If the threats to our “100% Pure” country originate from overseas, one is left with a tantalising question; why is the  GCSB and Related Legislation Amendment Bill, and related  Telecommunications (Interception Capability and Security) Amendment Bill, designed to spy on New Zealanders?

Shouldn’t the GCSB be focusing on external “threats” rather than on us?
After all, wasn’t that  the original purpose of the GCSB when it was first formed in 1977?

-Frank Macskasy

(address and phone number supplied)

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References

TVNZ:  GCSB Bill expected to pass final reading; debate underway

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USA, Vietnam, Peter Dunne – Pot, Kettle.

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US criticizes Vietnam new Internet control decree

Source: NZ Herald – US criticizes Vietnam new Internet control decree

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The US Embassy in Vietnam goes on to state,

“Fundamental freedoms apply online just as they do offline,” the embassy said in a statement. “We are deeply concerned by the decree’s provisions that appear to limit the types of information individuals can share via personal social media accounts and on websites.”

Source: IBID

Yes, of course our American cuzzies want the Vietnamese people to allow ”  information individuals can share via personal social media accounts and on websites”.

Then their National Security Agency (NSA) and Britain’s GCHQ can mine that data via their PRISM,  XKeyscore, and god-only-knows what other systems are used to store data on citizens.

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XKeyscore - NSA tool collects 'nearly everything a user does on the internet'

Source: The Guardian – XKeyscore: NSA tool collects ‘nearly everything a user does on the internet’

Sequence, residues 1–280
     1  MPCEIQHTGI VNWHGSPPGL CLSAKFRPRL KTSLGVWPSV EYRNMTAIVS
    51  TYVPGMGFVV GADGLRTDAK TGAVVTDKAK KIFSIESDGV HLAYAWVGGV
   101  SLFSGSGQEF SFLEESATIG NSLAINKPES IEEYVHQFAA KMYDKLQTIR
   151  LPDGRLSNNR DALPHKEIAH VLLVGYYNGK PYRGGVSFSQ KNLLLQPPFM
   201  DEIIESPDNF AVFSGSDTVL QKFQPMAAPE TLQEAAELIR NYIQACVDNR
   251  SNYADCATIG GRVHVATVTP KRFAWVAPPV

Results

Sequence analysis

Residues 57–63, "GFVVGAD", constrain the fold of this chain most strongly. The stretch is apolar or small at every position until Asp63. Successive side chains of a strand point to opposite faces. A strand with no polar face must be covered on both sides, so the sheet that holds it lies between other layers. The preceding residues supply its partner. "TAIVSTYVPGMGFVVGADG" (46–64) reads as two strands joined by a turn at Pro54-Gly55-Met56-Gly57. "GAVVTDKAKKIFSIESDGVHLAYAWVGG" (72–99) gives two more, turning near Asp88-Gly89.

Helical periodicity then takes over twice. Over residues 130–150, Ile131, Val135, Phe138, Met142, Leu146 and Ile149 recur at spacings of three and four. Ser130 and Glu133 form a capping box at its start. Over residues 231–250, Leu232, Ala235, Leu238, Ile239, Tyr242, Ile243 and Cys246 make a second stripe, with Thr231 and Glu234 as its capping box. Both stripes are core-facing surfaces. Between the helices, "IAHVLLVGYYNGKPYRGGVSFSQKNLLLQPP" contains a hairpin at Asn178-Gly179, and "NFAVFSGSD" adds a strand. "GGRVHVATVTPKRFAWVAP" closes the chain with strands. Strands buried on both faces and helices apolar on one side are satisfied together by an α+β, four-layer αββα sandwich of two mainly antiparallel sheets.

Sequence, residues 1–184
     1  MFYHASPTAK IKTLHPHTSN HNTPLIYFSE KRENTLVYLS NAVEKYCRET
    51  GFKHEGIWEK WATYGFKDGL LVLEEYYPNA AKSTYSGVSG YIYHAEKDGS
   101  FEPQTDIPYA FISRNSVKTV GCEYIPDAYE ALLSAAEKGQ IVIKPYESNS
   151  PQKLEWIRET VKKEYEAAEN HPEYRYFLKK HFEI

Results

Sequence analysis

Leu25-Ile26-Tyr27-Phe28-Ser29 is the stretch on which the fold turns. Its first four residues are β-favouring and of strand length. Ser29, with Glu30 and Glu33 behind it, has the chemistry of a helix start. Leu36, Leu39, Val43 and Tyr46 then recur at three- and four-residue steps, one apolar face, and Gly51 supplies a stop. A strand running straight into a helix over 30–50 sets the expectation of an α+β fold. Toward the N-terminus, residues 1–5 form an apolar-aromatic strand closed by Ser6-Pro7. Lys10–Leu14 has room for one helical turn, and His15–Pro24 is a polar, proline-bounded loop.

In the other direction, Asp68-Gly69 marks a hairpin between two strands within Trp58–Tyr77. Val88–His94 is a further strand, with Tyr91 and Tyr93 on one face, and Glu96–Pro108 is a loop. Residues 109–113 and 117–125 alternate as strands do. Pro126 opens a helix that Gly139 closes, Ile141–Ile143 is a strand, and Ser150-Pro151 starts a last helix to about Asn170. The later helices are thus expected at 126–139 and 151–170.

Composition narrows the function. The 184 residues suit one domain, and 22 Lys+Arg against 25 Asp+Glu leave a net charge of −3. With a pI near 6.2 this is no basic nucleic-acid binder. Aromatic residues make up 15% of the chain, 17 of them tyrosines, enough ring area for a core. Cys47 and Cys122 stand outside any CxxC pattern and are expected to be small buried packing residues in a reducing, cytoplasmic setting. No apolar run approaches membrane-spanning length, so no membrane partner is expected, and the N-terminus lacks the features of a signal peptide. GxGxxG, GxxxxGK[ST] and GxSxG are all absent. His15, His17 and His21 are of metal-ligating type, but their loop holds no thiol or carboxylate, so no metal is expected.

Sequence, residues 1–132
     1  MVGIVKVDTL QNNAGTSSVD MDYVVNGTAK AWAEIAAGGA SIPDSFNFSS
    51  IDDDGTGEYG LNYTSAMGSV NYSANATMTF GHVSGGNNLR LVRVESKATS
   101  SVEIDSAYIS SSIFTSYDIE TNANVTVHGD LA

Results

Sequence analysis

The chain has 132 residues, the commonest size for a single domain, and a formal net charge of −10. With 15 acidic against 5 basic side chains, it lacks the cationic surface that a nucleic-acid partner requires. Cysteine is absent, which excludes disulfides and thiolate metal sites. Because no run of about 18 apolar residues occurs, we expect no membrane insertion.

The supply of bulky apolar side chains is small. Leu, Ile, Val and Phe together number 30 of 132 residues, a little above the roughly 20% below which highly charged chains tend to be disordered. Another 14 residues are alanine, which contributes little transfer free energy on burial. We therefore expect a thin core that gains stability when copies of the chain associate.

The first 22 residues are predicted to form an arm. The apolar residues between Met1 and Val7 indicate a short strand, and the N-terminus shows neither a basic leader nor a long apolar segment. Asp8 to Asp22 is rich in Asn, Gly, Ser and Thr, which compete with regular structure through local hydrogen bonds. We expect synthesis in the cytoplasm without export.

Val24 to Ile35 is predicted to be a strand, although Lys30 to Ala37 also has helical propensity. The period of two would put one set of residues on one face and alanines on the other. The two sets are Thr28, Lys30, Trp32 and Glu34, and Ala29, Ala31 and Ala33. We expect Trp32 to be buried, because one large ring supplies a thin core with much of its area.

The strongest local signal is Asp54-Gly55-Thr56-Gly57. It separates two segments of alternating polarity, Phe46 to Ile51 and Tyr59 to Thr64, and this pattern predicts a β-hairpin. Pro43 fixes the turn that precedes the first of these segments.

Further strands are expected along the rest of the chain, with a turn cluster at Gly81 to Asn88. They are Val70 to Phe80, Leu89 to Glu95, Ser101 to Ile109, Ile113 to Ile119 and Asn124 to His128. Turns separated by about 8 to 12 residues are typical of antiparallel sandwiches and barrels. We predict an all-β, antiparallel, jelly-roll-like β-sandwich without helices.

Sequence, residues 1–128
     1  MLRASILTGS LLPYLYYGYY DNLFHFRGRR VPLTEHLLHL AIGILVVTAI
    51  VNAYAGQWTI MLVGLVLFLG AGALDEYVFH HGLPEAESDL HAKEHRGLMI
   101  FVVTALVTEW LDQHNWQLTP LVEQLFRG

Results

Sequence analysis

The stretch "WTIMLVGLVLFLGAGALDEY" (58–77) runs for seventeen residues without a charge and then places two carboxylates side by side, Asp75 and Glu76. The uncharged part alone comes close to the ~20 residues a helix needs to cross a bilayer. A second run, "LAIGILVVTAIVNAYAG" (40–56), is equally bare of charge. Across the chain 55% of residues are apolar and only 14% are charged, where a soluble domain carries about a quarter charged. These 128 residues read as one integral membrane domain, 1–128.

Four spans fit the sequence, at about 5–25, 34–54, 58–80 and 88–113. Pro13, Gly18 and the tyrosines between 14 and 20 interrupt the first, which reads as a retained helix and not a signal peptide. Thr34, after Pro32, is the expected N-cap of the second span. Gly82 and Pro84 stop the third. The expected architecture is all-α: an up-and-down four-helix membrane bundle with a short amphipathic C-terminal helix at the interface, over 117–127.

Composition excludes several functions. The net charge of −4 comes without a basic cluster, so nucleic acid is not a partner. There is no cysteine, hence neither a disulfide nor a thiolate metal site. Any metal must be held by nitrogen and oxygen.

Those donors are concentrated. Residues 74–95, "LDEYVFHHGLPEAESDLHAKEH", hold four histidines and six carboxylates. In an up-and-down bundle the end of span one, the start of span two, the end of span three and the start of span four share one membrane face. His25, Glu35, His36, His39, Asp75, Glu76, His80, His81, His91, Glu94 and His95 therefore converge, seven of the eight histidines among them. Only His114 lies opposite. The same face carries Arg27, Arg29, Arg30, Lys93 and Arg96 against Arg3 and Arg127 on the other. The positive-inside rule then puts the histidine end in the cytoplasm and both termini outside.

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The government of Vietnam is right to be concerned with what it’s citizens may put online. With British and American spy agencies trawling the planet for information, it is now a matter of national security that nations protect themselves from this illegal spying.  The internet poses a real danger to victims of this rampant,  out-of-control spying.

The sheer hypocrisy of the US Embassy when it piously states that    “Fundamental freedoms apply online just as they do offline” is breath-taking in arrogance.

It’s like Big Brother throwing a tanty when someone refuses to share their personal information, thus thwarting the spooks who are patiently waiting to hoover up the data.

Meanwhile, the Opposition parties, led by the Greens, have succeeded in stalling the passing of the GCSB and Related Legislation Amendment Bill for two weeks.

Their ‘filibustering’ has successfully stalled the passing of the Bill, as this Radio NZ report explains,

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Legislation covering the Government Communications Security Bureau won’t pass all the way through Parliament this week as had been hoped by the Government.

The bill is now in its committee stages, where MPs debate it clause by clause.  The opposition has employed delaying tactics since Question Time on Tuesday afternoon.  An urgent debate on the Fonterra contamination scare delayed the debate further.